10 Keys to Tournament Success

Ten Keys to Tournament Success

Tyler Childs Lifestyle, Sports

Let’s face it; everyone wants to be the winner. We strive and fight for the top place in our league, but sometimes there is just one thing: you lose. Oh the horror. Here are some tips to keep you in tip-top shape for winning the next one.

1) Winning Can Sometimes Mean Losing

In order to grow as a team sometimes it is necessary to lose as a team before you can win the big one. Professional sports have provided a number of examples over the years of undefeated teams that fall short at the sports biggest stage (with the exception of the 1972 Miami Dolphins). A team must first learn how to lose before they can learn how to win. If you don’t have an appreciation for adversity than when faced with a difficult task the group will struggle to perform at their best.

2) Choose the Right Hotel for your Team

Youth Sports generates nearly $10 billion annually and the success of a tournament can be largely impacted by its hotel options and the service provided by accommodation partners. Choosing the right team to manage your tournament hotels is essential. An unhappy hotel guest means pushes biased opinions onto the event for the athletes, coaches, and parents which affects the overall experience.

3) Choose the right competition

Find the right balance when entering a tournament. Selecting a tournament that challenges your team is essential for growth, but selecting an event that your team isn’t ready for could have lasting effects on performance and morale.

4) Keep the Parents out of it

If you have ever coached or even taught for that matter you know its impossible to keep your distance from parents who insist its your fault and not the child’s. Keep parents as far away from the team as possible for as long as possible, unless your team is lucky enough to be a tight knit group. Encourage your parents to stay positive when they do speak with their child about the game and to push their child to achieve more (instead of making excuses).

5) Give it everything

As a coach it is your responsibility to put your team’s best effort forward. In order to do this you have a toe a difficult line between putting your best athletes out there and fair playing time. When it comes down to crunch time put the best effort forward no matter what. Regardless of what the parents believe success can be a powerful motivator for all of your athletes.

6) The Starting Lineup is Earned

Providing motivation can sometimes be difficult for many coaches/volunteers. One of the best ways to motivate athletes is playing time. Regular season play should be reserved for skill development and growth, but playoffs and tournament play is about testing abilities at the highest level. In order to achieve a fair model for your athletes challenge each and everyone of them to earn the opportunity to play in the championship or playoffs. If your child isn’t playing don’t criticize the coach. Instead ask your child what they think they can do to make sure they start next time. Stay positive and don’t blame the child or the coach.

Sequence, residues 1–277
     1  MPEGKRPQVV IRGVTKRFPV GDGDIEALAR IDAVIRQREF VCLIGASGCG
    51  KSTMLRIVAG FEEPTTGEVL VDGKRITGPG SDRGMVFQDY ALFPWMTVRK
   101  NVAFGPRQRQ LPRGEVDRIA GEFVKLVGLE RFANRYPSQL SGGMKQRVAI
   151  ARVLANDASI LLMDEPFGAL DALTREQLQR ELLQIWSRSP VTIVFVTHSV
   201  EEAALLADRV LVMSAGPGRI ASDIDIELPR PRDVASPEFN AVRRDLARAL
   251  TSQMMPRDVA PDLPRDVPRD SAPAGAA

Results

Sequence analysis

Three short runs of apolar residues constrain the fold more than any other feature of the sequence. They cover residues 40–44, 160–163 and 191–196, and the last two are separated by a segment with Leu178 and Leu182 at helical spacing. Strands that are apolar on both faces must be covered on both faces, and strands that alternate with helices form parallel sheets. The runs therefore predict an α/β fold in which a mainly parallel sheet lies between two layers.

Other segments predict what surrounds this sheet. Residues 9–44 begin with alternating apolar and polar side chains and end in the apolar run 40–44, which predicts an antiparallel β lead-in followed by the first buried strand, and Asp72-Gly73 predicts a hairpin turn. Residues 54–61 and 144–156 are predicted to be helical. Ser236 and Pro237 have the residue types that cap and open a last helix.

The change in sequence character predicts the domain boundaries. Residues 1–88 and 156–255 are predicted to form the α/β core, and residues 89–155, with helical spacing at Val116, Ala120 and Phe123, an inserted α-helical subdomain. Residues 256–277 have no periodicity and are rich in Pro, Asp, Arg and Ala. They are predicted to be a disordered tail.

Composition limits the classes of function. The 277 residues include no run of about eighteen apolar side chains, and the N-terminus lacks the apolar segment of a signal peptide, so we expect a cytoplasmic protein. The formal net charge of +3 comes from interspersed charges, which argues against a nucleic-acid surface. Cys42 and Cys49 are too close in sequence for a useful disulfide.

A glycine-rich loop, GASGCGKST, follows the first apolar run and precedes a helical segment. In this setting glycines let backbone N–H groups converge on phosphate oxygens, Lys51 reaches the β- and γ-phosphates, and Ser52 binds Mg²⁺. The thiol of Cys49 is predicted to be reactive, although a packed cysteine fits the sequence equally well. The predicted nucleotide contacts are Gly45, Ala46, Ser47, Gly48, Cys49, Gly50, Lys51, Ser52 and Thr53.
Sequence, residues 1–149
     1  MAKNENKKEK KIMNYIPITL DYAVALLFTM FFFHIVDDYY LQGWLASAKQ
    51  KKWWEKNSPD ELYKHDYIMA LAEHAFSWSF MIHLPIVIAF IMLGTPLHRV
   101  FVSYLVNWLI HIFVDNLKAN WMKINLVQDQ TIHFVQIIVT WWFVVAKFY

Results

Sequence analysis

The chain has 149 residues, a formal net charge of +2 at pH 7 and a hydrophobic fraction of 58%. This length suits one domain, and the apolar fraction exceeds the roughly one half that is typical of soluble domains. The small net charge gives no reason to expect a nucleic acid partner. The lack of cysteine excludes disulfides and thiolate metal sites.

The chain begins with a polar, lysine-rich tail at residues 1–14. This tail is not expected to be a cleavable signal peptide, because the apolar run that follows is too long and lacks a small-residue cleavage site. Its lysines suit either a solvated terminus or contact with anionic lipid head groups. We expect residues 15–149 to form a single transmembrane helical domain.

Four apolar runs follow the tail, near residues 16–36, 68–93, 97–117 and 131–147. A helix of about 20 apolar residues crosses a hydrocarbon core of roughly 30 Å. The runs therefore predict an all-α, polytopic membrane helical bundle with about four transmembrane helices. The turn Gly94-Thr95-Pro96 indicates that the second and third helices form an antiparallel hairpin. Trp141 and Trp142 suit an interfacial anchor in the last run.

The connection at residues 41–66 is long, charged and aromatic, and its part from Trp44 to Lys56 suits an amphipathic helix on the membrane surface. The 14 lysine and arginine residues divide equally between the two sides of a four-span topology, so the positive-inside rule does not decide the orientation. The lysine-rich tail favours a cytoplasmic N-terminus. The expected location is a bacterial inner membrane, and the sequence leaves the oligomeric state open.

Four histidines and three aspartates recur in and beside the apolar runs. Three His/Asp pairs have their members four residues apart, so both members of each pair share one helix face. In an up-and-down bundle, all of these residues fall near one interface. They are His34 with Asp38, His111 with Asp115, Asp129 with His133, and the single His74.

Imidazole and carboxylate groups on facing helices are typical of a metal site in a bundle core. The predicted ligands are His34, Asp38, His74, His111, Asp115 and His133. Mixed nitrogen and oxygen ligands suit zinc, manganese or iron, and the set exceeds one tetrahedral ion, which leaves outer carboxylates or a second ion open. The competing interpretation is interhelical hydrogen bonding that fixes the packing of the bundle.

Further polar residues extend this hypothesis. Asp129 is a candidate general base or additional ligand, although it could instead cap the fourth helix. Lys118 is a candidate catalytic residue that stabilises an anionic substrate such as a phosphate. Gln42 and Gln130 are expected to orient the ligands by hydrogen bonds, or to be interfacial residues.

7) Teamwork Makes the Dream Work

Teams with selfish attitudes never win the big game. Ask Carmelo Anthony. Work together in practice, games, and most importantly off the field. Achieving friendships away from the game creates trust and cohesion when it matters most.

8) Do Your Homework

-While all of the other teams are back at the hotel swimming encourage your team (not mandatory) to take in a potential opponents game. This is the most underused coaching tool available. There is so much that can be used to teach a child from the stands that they can apply next time they hit the field/ice.

9) Team Building

Teamwork starts with trust. Try to find ways to take your athletes out of their comfort zone to overcome fear of their teammates opinion. Team Karaoke, Team Talent Contest, or Team Event (i.e., baseball game, movie night) are great examples of building memorable moments that keep things light to help when things go bad.

10) Set Goals

As simple as win 1 game or as complicate as achieving a certain stat value. Athletes can use these goals during games, practices, and even during off season training. As a coach you must know what your team is truly capable and not ask them to over achieve but merely push the limits all the time.

At the end of the day it is only a game. Let the kids enjoy it for what it is.

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